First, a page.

If you backed this spread with a stake of £10 and the Cavs went on to score 100 points, you would take home a profit of £30. Basically, the more the spread of points goes above 97, the more you could potentially win. Once again, this is a hypothetical example, and there is obviously no promise that you would win your bet in basketball.
Welcome offers at spread betting sites
At this point, you are hopefully feeling a bit more comfortable with how spread bets work and how you can potentially make this form of betting work to your advantage. We have some more good news to hit you with in this section too, for spread betting bookmakers tend to have welcome offers that you can claim, just like any other sports betting site in the UK would offer. Let us show you what kind of offers you can expect to see at the very best UK spread betting sites right now.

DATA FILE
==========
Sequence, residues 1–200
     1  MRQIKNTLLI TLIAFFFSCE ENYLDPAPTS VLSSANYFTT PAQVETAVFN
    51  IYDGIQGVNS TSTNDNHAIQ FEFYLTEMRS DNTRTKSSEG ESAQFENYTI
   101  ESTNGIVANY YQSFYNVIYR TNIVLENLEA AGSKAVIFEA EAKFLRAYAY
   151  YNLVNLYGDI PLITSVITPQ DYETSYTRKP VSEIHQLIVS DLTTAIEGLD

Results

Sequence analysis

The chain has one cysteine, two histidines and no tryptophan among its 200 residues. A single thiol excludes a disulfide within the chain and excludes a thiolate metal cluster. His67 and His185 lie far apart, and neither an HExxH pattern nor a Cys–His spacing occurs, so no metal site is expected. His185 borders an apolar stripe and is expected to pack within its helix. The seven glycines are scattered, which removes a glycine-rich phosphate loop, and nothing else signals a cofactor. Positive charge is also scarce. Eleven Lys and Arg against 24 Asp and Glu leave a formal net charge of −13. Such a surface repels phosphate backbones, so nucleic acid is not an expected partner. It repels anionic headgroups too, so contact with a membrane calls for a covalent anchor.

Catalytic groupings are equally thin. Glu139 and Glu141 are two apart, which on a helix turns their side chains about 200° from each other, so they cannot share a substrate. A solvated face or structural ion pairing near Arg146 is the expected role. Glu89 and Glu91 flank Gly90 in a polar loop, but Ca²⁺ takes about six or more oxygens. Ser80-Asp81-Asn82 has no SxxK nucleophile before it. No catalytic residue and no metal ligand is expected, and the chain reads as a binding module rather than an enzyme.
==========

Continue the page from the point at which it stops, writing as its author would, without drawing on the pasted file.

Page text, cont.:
Risk-free initial bet
Whenever you see the term ‘risk-free’, it’s always a pretty exciting time, and yes, these offers really can be risk-free to a certain extent. The reason that they are quoted as being risk-free is that if you lose money on your first spread bets, the betting site will reimburse your money up to a certain amount. Of course, the best spread betting sites in the UK will have a pretty large figure for how much you can be reimbursed by.
This figure can sometimes be as high as £100, but this does vary based on the site that you choose to sign up with.